They are a National League team in American League clothes, built around pitching and defense, speed and versatility, and if the Angels are to win a third straight division title -- they open the 2006 season Monday in Seattle -- they will have to execute almost flawlessly on offense, no matter how ugly the stat sheet.

Earl Weaver fancied the three-run home run. Know what illuminates these Angels' halos? Going from first to third on a single and scoring on a groundout. Or walking, stealing second, taking third on a grounder to the right side and scoring on a sacrifice fly. Or starting a runner from first to stay out of a double play and having that runner score on a two-out hit.

The team's unofficial mantra: Get 'em on, get 'em over, get 'em in.

"You're going to see on-base percentage drop when guys give themselves up for the team," Erstad said. "Advance a guy from second, score him with a groundout -- on paper, it doesn't look good, but we're up, 1-0. We might not put up the big glitzy, showy stats, but we do what it takes to win.

"We're an unselfish team, and that's why we've won so many games. That, and obviously we have good pitching. We get a lead by manufacturing runs, hand the ball to our bullpen, hunker down behind them and play great defense."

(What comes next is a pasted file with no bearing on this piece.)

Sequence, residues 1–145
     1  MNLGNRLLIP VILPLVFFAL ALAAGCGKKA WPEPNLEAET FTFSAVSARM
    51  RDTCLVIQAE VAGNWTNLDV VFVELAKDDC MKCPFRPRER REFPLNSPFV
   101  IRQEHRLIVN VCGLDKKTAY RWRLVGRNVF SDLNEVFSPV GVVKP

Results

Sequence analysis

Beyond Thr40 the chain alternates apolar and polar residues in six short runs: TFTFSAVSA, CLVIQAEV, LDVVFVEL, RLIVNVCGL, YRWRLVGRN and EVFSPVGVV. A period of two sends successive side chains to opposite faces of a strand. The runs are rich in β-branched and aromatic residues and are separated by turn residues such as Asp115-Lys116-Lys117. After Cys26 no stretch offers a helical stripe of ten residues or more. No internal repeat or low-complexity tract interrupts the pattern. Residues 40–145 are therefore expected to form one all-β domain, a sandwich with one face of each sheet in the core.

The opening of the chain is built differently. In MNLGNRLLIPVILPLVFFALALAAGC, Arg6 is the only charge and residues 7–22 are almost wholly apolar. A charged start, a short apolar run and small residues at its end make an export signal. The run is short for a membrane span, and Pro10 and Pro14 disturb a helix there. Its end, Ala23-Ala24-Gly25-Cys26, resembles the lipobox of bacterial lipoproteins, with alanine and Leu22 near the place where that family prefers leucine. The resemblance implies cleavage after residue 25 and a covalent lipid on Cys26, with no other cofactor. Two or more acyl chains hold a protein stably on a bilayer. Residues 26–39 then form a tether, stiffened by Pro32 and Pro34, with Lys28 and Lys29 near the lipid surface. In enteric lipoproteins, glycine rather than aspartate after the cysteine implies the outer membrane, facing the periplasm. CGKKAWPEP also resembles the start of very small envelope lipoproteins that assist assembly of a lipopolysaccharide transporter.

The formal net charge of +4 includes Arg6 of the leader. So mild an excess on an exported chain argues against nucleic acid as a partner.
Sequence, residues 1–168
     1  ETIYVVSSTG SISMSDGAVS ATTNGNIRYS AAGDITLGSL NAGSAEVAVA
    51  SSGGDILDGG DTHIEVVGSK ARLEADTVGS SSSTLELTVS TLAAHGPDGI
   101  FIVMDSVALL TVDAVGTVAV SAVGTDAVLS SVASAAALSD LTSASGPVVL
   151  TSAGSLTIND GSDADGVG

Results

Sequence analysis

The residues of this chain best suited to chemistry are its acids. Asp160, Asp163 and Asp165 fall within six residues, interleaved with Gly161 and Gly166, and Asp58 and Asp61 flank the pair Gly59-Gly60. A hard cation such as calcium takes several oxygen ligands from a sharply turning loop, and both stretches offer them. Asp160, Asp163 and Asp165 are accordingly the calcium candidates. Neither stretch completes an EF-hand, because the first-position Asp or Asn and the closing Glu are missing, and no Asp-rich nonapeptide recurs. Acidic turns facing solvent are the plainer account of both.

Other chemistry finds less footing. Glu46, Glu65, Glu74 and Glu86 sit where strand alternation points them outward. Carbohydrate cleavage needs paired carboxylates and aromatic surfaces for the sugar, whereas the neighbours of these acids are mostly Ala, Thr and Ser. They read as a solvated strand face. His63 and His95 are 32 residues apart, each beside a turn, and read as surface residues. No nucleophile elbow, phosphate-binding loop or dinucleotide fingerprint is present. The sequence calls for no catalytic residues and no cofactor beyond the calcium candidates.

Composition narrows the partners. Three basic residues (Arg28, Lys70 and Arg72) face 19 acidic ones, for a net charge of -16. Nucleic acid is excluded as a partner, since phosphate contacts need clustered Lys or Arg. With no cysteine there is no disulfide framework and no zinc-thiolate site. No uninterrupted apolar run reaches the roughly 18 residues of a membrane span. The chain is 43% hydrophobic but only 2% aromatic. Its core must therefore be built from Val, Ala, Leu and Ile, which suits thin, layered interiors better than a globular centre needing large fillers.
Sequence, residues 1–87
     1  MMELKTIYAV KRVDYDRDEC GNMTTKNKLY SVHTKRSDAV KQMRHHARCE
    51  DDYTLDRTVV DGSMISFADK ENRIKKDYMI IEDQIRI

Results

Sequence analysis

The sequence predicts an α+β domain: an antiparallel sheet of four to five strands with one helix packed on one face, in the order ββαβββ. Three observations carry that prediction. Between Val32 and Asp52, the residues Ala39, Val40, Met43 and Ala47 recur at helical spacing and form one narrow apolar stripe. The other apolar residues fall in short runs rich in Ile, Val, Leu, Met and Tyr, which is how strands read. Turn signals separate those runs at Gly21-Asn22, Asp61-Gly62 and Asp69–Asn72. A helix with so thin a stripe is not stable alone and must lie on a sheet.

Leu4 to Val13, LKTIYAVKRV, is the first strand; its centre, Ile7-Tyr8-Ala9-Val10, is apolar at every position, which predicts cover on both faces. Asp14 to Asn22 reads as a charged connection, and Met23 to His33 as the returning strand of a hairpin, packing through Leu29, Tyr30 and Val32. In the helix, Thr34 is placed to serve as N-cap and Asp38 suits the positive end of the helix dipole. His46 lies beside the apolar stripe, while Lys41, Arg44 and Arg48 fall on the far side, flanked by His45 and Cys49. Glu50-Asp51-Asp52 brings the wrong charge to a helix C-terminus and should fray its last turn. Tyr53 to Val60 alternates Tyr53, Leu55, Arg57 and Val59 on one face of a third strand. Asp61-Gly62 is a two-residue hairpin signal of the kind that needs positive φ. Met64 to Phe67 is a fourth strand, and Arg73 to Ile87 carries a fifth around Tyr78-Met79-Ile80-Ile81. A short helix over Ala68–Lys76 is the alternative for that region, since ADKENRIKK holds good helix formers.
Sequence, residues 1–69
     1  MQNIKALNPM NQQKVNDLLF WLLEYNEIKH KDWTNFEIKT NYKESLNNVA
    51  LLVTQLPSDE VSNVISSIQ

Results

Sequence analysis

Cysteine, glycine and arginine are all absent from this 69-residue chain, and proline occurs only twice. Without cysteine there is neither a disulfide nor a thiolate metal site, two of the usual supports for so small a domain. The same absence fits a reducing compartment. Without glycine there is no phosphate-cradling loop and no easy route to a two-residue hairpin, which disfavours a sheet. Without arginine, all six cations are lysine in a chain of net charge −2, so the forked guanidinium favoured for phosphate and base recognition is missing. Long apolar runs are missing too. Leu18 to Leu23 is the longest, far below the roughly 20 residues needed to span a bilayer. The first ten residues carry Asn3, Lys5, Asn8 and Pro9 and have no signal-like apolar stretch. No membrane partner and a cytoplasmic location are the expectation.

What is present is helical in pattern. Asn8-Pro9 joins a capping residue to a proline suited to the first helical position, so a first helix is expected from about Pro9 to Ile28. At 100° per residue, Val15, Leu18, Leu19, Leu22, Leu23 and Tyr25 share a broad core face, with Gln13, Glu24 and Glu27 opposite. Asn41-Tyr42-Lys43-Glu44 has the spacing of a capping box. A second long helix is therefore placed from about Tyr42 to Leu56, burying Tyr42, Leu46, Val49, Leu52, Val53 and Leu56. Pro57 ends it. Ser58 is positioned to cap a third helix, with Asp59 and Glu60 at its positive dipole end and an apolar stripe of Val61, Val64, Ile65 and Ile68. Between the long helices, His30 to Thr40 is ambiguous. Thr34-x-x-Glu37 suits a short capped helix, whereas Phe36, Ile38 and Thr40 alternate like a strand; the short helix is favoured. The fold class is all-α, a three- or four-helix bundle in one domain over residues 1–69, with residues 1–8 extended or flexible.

The Angels don't have a choice. They were unable to add a slugger over the winter, and their 2006 lineup looks much like the 2005 version, which struggled for long stretches and was unable to provide consistent protection for its most potent hitter, right fielder Vladimir Guerrero.

So, to score enough runs to support what should be one of baseball's best pitching staffs, the Angels will again have to scratch and claw for offense, run the bases aggressively, execute the situational hitting game and hit in the clutch.

They will need leadoff batter Chone Figgins and No. 2 hitter Orlando Cabrera to get on base in front of Guerrero and Garret Anderson. They will need Juan Rivera, Erstad, Casey Kotchman and Tim Salmon to drive in runs. They will need some kind of production from the bottom of the order.